Security Standards

Security Standards

While not related directly to SQL, security standards define the infrastructure within which it is employed, and are therefore of interest to SQL users. Usually, RDBMS software complies with these standards to a certain degree — either voluntarily, or under pressure from the government agencies that mandate requirements for the software's acceptance.

The first nationwide attempt to standardize security procedures for computer systems was undertaken in 1985 by the U.S. National Computer Security Center (NCSC). To be considered for a government contract, the vendors had to achieve a certain level of security for their products through proctored testing. Dozens of vendors went through years (the process has taken three years, on average) of testing procedures just to be able to sell their products to government agencies. The vendors, like Sun, Oracle, and Novell, received their certifications (either C1 or B2) in early 1990s, following a directive that all computer systems storing sensitive information must be C2 certified.

International security standards

BS7799 and its international equivalent ISO 17799 are the most widely recognized security standards in the world. Their closest equivalent in the United States is the level B1 security.

ISO 17799 provides a detailed roadmap in several areas, and every company that seeks this standard's endorsement for its product must address all of these areas:

  • Business Continuity Planning. Mandates procedures for continuing business activities in spite major failures or disasters.

  • System Access Control. Focuses on controlling access to information, ensures protection of the networked services, detects and counteracts unauthorized activity, ensures information security for distributed mobile applications.

  • System Development and Maintenance. Mandates that security be built-in (as opposed to external); deals with data loss prevention and data misuse, as well as with confidentiality, authenticity, and integrity of information

  • Physical and Environmental Security. Deals with preventing unauthorized access, damage, and interference to top business premises and information, preventing loss, compromise, or theft of information and information processing facilities.

  • Compliance. Avoids breaches of any criminal or civil law, statutory, regulatory, or contractual obligations; ensures compliance of every system in the organization with established organizational security policies and standards; minimizes interference of the audit process with business practices.

  • Personnel Security. Reduces risks resulting from human error, theft, fraud, or misuse of facilities, minimizing damage in case such incidents occur; educates users about proper policy procedures.

  • Security Organization. Manages information security within an organization; maintains security for the organization's facilities accessed by third parties, for example, when the responsibility for information protection has been outsourced to a third party.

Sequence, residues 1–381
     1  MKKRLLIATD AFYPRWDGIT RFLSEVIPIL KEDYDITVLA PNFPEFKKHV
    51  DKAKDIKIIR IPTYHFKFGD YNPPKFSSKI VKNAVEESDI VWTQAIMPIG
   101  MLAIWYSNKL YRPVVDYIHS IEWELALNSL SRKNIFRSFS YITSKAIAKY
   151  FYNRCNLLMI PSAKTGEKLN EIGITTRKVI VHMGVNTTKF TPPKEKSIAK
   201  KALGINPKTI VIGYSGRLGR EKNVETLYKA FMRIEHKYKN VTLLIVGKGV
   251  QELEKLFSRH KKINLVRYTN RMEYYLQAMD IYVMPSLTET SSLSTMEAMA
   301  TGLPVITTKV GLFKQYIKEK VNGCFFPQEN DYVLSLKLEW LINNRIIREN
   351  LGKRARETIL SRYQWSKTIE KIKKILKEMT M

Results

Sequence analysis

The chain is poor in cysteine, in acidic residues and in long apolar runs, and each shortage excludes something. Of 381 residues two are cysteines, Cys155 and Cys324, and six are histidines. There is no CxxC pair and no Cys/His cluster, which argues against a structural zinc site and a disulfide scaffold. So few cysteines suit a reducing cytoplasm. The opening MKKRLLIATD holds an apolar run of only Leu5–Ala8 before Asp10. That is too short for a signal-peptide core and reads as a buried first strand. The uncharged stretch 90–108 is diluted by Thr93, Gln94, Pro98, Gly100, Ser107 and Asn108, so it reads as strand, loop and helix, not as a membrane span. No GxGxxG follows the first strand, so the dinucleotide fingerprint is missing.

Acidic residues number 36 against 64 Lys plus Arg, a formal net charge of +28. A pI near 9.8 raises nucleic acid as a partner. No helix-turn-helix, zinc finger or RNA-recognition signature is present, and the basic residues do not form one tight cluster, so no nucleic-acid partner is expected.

• Computer and Operation Management. Deals with facility's operational policies, ensures safety of information in the networks and the supporting infrastructure, prevents loss, misuse, or unauthorized modification of data exchanged between organizations.

  • Assets Classification and Control. Maintains protection of the corporate assets.

  • Policy. Establishes and manages a viable security policy within an organization.

In spite of the detailed standards, the actual implementations of them might widely differ across the board. One reason for the differences is that there are so many standards; and, since the certification process can be very expensive, it is not a viable option for many businesses. Most banks in the United States, for example, do not use ISO standards, relying instead on SAS 70 auditing standards, while other companies prefer using use ISO 9000/2000 standards.


More information on information systems security can be accessed on one of these sites:,,, and

There are also emerging standards like the Common Criteria (CC) program. This program was started in 1996, initially by the United Kingdom, Germany, France, and the Netherlands with strong support from the National Information Assurance Partnership (NIAP). Since then 11 more countries have joined the program: Australia, New Zealand, Canada, Finland, Greece, Israel, Italy, Norway, Spain, and Sweden.

The National Security Agency (NSA) instituted — beginning July 2002 — that all new national security systems (and that includes RDBMS software) must pass a rigorous test as mandated in CC; there are also indications that this might spread to every government organization.


Usually database vendors are certified on a C2 level. As for the Common Criteria program, only Oracle has certified its products at the EAL4 CC certification level. The Microsoft SQL Server 2000 received the C2 Level of security certification from NSA, and IBM DB2 UDB has yet to be certified.